Inter-caste Marriage:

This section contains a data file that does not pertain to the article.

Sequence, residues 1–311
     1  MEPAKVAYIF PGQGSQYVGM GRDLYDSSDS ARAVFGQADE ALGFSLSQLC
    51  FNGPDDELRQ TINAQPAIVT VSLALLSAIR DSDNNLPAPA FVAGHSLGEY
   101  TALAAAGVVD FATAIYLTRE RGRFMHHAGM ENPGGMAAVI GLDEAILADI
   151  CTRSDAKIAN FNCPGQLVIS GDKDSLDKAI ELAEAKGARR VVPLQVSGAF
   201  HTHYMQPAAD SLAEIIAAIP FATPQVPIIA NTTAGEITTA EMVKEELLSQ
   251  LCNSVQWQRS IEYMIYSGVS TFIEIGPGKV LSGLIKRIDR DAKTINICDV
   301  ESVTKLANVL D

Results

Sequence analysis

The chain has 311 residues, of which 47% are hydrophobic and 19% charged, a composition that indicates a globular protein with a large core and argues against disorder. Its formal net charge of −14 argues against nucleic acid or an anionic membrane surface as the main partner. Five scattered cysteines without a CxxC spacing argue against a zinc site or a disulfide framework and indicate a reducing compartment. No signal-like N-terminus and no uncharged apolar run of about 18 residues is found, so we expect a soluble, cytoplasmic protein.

According to the Vedas, Marriage is valid only within the same caste or Varna. Marriage between persons belonging to different castes, is unlawful and the resultant issues being thus illegitimate can have no share in inheritance. The Arya Samaj cannot dispute this position of such marriages. If it departs anywhere from the orthodox view, it is with regard to the definition of caste. According to the Samaj, caste is not determined by birth but by the conduct of a person. But this definition becomes impracticable in the matter of marriage. According to the definition of the Samaj, one who reads the Vedas and teaches these sacred books to others, performs Yaina, accepts gifts and makes gifts to others, is a Brahmin, no matter if he is a cobbler by birth. Now, according to the principle of Vedic marriage within the same caste, this imaginary Brahmin of the Samaj should be married to a woman with similar or same qualities of head and heart. His marriage with a woman of a different nature whether it be due to birth or conduct should be regarded as forbidden and unlawful. One may perhaps come across such a Brahmin among the male members of the community in the ratio of one to a thousand, but among the female members the ratio may go up to one to a million or even more. Under such circumstances, Brahmins will practically be debarred from marrying in view of Arya Samaj principles laid down above, and if they are not, the marriages contracted will be invalid. The matter worth considering here is that although according to the principles of the Vedas, such marriages are irreligious and the resultant issues illegitimate, yet according to Islam these marriages are quite valid and the offspring legitimate. It is for the Arya Samajists to see therefore if thus in actual practice they are following the Vedas or the Islamic Shariat [Islamic Law]. Even a man-in-the-street can understand that although in outwards appearance such marriages are solemnized within the temples of the Samaj yet in reality they fall within the jurisdiction of Islamic mosques.